OnePlus 5 review: Keep doing what you do best
OnePlus once again manages to straddle the line between quality and price, carving out a unique niche and executing perfectly.
Since the launch of the original OnePlus One, the company has been aggressively refining its strategy. With each subsequent release the goals got a bit less ambitious, the marketing became less ostentatious, and the phones consistently improved. At the same time, the idea of getting more phone for less money, without all of the extra cruft of a big company behind it, remained constant. The mid-2016 launch of the OnePlus 3 — and subsequent bump to the OnePlus 3T — best exemplified the company's maturity.
Despite rumors indicating that OnePlus would shift its strategy and go all-out with a more expensive, top-end phone in 2017, it has stuck with what has worked. The OnePlus 5 is a high-end phone that doesn't have a typical flagship price, but gives you the core experience you expect out of one and all of the specs to back it up. It is once again a perfect example of OnePlus executing on the model that it built its name on, refreshed and improved upon for 2017.
About this review
I (Andrew Martonik) am writing this review after 12 days using a Midnight Black OnePlus 5 with 8GB of RAM and 128GB of storage, operating on the AT&T network in the greater Seattle, WA area. The phone was updated once at the beginning of the review period to version 23_170603 on the May 1, 2017 security patch. The phone was provided to Android Central for review by OnePlus.
OnePlus 5 Video review
Our written review gets into all of the gritty details of the OnePlus 5, but if you want the concise version be sure to watch our full video review above. After you're done, read on and get all of the information you need in the complete review!
OnePlus 5 Hardware
With the exception of the OnePlus X (RIP), none of the OnePlus phones have offered particularly striking or substantial hardware designs. Part of the value proposition of OnePlus phones, particularly in the 3 and 3T, was that you're giving up a bit on the design side in order to get a great spec sheet and fantastic overall experience — not unlike a Nexus or Pixel, you might say.
The story is the same again on the OnePlus 5, though I have to give it a bit more credit in design than its direct predecessor. Yes the OnePlus 5 looks very similar to the Oppo R11, but that's basically irrelevant here — solid design is solid design, even if we've seen it before from an affiliated company.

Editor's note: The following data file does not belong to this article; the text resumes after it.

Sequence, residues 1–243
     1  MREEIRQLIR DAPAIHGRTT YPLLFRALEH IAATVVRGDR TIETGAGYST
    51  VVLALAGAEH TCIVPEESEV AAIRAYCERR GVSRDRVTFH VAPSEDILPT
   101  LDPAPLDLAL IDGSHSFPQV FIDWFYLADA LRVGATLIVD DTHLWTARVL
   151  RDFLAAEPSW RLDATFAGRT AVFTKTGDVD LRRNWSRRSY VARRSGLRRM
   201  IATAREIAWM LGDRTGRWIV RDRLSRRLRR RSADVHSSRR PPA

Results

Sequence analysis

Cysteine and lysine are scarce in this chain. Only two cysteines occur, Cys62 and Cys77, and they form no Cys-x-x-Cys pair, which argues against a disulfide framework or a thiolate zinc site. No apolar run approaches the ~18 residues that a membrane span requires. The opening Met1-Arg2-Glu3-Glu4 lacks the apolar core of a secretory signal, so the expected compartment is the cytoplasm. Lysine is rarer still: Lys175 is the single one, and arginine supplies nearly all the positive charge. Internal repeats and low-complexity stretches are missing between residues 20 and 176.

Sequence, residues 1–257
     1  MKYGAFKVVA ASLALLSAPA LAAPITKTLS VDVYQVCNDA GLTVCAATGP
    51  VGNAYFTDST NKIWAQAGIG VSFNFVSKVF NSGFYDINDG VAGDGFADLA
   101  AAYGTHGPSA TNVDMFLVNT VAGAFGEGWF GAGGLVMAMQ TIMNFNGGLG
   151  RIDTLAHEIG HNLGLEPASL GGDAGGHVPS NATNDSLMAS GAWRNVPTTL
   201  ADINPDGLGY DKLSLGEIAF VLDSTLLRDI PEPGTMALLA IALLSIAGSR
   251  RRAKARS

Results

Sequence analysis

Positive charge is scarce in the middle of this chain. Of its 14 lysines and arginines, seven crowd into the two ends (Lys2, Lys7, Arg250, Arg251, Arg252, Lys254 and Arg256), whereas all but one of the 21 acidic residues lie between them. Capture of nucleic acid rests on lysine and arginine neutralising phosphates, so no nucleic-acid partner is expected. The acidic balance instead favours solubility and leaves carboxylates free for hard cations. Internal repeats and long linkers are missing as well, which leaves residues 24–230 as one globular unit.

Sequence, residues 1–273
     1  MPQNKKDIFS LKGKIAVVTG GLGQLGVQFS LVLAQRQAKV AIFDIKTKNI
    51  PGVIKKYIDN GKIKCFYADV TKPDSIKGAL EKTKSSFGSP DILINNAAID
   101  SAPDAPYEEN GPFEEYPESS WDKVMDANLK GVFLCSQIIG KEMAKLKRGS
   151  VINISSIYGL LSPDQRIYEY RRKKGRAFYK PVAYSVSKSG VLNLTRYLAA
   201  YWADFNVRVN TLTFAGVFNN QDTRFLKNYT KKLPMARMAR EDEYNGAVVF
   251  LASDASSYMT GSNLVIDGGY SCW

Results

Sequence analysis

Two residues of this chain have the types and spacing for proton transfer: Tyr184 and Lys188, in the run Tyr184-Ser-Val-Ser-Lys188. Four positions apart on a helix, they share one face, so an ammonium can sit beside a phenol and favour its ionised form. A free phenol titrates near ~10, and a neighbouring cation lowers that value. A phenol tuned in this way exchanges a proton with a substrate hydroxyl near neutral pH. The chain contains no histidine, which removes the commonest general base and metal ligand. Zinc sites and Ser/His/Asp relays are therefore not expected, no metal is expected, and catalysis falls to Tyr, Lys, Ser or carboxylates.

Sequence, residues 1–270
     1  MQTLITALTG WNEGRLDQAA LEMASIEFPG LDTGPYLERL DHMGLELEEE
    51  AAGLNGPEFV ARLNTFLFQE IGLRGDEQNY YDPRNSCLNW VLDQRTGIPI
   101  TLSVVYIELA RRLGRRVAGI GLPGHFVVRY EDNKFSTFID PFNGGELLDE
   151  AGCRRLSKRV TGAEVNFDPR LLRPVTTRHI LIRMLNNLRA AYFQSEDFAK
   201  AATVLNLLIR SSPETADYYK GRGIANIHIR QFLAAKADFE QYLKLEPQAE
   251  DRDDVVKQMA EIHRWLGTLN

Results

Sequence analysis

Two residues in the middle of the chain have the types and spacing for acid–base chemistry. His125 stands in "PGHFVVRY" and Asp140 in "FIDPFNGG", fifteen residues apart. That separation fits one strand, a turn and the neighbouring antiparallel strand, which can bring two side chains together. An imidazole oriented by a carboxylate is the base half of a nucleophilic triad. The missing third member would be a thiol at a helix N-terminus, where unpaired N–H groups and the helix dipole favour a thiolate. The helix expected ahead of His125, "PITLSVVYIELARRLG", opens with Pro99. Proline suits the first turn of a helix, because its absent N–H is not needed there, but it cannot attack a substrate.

I think the best word to describe the design progression of the OnePlus 5 is "sleek." Even though it's roughly the same dimensions as the OnePlus 3, it's smoother, more rounded and more friendly than that phone. The sharper edges, big bevels and squared-off look of the OnePlus 3 felt a bit more generic and not as welcoming, whereas the OnePlus 5's rounded features are subdued and classy — particularly in the Midnight Black finish, which is exclusive to the 8GB RAM / 128GB storage model. It all makes the phone a bit slippery to hold, though, with even less texture to the metal than the OnePlus 3 — this is a phone that will benefit from a thin OnePlus case if you're at all inclined to fumble your phone in your hand.
Subtle design changes aside, this is the same basic hardware formula as before. We're looking at an anodized, barely-textured aluminum frame with 2.5D curved glass on the front flowing into the edges. It's a "standard" phone layout in that it's still a 5.5-inch 16:9 display with typical bezels and a fingerprint sensor underneath. All of the buttons are in the same spots — including the fantastic Alert Slider high on the left side — and all of the ports line up (literally, in an actual straight line) at the bottom.
OnePlus continues to ship phones with a distinct lack of extra flair — the entire back of the phone is blank and featureless save for a small shiny OnePlus logo and three cutouts for the cameras, microphone and flash. The antennas have been beautifully sculpted into the back of the phone and curved along the top and bottom to be less noticeable.
It isn't striking, and won't win any design awards, but the OnePlus 5 is a handsome phone that's built extremely well. The seams, finishes and execution of the design are on the same level as any other $650+ phone out there today, which is important if you're trying to convince people to buy this phone as a competitor to those in the next price bracket up.